Chuy's was born in Austin, Texas, in 1982, and has adhered to its original concept — Tex-Mex food and fun — for the past 30 years. While memorabilia overload as interior design might seem a bit dated today, the principle of liveliness in casual dining apparently never gets old.
Occupying the former Surf's Up and Don Pablo's space off Nicholasville Road, Lexington's Chuy's, the first location of the chain in Central Kentucky, is a vast maze of several dining areas, including one with the signature hubcap ceiling.
La Cucaracha Bar looks onto the parking lot and is a great place to hang out if you get wait-listed — a short-lived but distinct possibility after 5:30 p.m. on a Saturday. All-you-can-eat chips and fresh salsa will keep you occupied, and the standard margaritas are deliciously limey but not very strong, so you won't get hammered before navigating your way to your table.
The menu is straightforward, using well-executed building blocks of salsas with beautiful doses of heat, roasted chicken and grilled beef, fresh tortillas, cheese, avocado and cilantro, and assembling them into myriad familiar combinations that are many cuts above your usual Mexican chain.
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An appetizer plate will feed four for just less than $10, an inexpensive way to sample everything. The nachos are just nachos — not necessarily a bad thing — and the chipotle sauce on the flautas resembled marinara. However, the deluxe quesadillas with chicken, green chilies and cheese were great, and the creamy chile con queso was exceptionally spicy. The generous scoop of super-fresh guacamole sat on shredded lettuce topped with a dice of very ripe tomatoes, a mid-autumn rarity.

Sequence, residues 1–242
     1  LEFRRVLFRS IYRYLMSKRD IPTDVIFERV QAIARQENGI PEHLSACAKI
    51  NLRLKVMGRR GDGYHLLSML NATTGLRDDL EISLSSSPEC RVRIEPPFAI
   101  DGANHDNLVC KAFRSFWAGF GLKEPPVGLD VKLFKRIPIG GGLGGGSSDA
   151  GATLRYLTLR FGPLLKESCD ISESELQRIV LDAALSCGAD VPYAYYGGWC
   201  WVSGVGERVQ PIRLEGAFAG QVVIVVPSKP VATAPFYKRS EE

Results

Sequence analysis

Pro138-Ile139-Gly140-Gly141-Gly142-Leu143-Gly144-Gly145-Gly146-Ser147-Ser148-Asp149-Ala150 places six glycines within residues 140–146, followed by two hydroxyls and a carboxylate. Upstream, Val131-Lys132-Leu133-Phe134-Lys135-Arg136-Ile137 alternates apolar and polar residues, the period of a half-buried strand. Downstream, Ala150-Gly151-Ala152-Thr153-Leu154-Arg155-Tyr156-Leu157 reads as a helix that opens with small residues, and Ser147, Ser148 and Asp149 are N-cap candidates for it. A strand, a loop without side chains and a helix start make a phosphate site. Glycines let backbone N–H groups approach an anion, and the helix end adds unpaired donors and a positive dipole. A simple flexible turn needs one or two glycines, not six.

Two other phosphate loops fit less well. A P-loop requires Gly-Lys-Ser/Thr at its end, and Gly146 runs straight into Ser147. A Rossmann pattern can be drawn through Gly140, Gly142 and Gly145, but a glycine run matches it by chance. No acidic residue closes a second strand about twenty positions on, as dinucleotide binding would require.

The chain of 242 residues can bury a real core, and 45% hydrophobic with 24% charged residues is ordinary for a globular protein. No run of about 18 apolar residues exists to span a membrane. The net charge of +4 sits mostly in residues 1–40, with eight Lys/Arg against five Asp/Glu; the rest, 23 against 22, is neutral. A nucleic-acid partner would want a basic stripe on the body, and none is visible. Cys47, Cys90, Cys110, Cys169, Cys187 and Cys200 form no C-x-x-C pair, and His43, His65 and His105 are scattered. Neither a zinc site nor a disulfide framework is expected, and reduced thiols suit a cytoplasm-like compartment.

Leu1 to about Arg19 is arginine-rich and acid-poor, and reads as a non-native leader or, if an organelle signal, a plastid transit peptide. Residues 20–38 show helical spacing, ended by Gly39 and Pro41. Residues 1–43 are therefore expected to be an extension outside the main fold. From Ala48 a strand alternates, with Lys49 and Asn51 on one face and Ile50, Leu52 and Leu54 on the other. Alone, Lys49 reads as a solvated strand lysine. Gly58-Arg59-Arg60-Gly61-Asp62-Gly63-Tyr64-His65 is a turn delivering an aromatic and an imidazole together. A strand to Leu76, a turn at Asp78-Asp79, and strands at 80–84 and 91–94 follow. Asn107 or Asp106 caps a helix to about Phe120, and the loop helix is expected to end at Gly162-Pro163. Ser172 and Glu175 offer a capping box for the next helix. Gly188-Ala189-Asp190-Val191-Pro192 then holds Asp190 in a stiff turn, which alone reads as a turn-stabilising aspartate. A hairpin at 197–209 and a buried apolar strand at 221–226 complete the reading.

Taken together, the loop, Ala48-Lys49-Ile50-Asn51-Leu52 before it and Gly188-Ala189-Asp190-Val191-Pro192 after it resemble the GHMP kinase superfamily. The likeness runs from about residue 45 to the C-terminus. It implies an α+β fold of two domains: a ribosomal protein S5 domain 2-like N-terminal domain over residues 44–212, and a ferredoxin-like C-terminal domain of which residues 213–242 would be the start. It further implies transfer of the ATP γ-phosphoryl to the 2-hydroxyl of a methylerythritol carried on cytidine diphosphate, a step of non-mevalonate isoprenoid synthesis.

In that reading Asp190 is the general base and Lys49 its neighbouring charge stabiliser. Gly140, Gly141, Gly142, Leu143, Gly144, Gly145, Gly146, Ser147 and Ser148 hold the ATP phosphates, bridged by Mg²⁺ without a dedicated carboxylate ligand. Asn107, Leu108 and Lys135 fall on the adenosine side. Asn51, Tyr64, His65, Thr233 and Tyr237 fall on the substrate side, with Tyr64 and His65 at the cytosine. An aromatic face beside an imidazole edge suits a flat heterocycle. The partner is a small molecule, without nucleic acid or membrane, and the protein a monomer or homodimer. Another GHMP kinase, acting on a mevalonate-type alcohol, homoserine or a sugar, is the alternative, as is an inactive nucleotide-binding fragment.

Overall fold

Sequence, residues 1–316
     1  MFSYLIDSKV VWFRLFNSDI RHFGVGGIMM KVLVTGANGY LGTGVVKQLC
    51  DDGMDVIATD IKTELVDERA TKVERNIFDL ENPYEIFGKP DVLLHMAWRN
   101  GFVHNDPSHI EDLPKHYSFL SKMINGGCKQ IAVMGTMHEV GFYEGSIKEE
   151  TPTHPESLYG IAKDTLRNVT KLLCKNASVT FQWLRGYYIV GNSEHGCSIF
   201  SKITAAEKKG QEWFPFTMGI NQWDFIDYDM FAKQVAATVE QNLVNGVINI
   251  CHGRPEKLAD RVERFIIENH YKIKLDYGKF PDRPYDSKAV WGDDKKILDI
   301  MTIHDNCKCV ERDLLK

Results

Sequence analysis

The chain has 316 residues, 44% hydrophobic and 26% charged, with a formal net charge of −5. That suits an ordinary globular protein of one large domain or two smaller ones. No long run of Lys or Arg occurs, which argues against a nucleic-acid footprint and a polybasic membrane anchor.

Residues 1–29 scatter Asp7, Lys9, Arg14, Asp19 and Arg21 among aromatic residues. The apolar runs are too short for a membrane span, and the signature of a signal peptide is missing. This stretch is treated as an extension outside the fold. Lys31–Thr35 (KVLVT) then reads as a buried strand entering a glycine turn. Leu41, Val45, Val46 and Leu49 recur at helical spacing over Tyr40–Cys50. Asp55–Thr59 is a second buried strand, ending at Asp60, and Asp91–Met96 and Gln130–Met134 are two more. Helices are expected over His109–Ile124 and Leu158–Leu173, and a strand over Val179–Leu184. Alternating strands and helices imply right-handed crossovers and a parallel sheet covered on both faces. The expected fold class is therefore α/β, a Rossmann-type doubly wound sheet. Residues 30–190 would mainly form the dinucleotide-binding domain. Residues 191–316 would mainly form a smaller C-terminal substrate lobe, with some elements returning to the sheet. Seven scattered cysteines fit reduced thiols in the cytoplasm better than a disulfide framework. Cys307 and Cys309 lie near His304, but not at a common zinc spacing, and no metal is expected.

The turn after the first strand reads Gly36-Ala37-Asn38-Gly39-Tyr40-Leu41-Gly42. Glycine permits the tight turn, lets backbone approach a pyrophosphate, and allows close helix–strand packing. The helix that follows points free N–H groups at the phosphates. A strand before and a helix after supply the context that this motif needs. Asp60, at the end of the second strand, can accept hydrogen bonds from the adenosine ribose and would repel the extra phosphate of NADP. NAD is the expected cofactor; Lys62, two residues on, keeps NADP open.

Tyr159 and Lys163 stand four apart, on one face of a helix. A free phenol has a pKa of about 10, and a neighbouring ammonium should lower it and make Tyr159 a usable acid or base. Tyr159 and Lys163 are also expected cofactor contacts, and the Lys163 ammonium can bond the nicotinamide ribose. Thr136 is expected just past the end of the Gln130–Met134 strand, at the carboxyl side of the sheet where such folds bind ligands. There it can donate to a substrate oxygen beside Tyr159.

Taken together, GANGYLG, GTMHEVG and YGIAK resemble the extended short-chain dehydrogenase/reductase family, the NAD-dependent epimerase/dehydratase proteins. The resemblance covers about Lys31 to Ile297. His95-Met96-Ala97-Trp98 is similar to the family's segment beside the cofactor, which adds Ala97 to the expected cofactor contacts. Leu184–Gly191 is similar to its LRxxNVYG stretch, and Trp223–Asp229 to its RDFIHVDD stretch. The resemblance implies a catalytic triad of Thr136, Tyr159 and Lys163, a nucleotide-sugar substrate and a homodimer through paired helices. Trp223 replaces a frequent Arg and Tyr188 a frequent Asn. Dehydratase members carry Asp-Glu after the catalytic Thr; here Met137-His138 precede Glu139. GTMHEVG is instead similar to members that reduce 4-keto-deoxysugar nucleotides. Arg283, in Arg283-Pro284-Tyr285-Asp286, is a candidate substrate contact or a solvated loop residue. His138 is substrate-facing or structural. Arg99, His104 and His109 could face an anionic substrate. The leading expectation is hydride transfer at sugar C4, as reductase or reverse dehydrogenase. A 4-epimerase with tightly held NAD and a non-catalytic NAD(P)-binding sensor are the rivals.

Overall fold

The tortilla soup is almost a meal in itself, with strips of chicken, avocado chunks and cheese that melts like fondue. Although the broth was slightly bland, cilantro and a squirt of lime brighten things up.
Five house specialties include rice — fragrant ruddy Mexican or spicier green chile — and a choice of beans, either standard frijoles or more interesting charros, which, with diced onions, doses of heat and minced cilantro, elevate the bar on soup beans.
Chuy's chiles rellenos with chicken use wonderfully fresh Anaheim peppers that lend heat to what's inside. The batter struck me as odd, though: It was deflated and almost crunchy, rather than fluffy and light.
Like Texas itself, all portions at Chuy's are grand. Did I mention they make "burritos as big as yo' face"? Anyway, beef fajitas for one with flash-grilled onions and green peppers, lettuce, pico de gallo, guacamole, sour cream, cheese and handmade flour tortillas could serve two easily. Fajitas often depend on salt and aromatics for all their flavor, but at Chuy's the marinade, which includes beer, makes the meat the star.
Here is something else that is special at Chuy's: blue corn tortillas. Order enchiladas to sample them. The lightest version is "the Veggie," with spinach, zucchini, peppers and cheese, all slathered in a ranchero sauce that is a much richer, and better, version than the ubiquitous one resembling stewed tomatoes.
Save room for a big serving of tres leches cake, which is just as delicious the next day. Mexico's milky, caffeine-free cousin of tiramisu, topped with caramel sauce instead of a dusting of cocoa, is a sweet way to finish a meal.
But somehow, it was a moment of serendipitous perfection that made this particular evening sublime. After a few hours of loud rock 'n' roll and a lot of happy, happy atmosphere, magic appeared out of nowhere. One of the servers, who happens to be a professional opera singer, sang Happy Birthday in a beautiful tenor at a nearby table.
That was the best dessert ever.